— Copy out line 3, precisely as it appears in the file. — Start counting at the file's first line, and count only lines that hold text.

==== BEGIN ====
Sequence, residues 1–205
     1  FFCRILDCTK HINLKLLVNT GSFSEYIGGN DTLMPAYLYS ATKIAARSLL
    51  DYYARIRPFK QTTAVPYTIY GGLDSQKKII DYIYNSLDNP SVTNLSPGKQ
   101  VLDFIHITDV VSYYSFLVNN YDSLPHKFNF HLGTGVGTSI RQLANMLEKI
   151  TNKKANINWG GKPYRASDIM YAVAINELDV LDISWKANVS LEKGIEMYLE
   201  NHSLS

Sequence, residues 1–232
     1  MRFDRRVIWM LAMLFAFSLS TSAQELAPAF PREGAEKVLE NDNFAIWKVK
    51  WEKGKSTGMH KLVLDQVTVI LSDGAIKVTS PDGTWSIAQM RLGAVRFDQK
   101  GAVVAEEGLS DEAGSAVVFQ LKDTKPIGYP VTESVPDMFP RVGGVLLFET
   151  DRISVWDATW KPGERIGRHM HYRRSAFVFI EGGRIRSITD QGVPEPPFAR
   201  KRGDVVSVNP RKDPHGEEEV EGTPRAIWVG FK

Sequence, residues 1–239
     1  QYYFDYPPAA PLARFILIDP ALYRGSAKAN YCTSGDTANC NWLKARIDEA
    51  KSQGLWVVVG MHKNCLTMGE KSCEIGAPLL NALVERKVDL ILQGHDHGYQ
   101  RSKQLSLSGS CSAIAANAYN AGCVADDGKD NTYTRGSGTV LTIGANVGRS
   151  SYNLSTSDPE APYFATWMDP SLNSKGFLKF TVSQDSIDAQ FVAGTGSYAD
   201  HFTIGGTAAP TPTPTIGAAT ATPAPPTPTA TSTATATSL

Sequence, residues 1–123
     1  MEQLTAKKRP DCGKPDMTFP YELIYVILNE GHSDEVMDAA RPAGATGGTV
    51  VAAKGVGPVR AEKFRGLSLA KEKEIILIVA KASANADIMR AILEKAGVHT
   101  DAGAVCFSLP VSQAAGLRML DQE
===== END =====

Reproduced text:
    51  DYYARIRPFK QTTAVPYTIY GGLDSQKKII DYIYNSLDNP SVTNLSPGKQ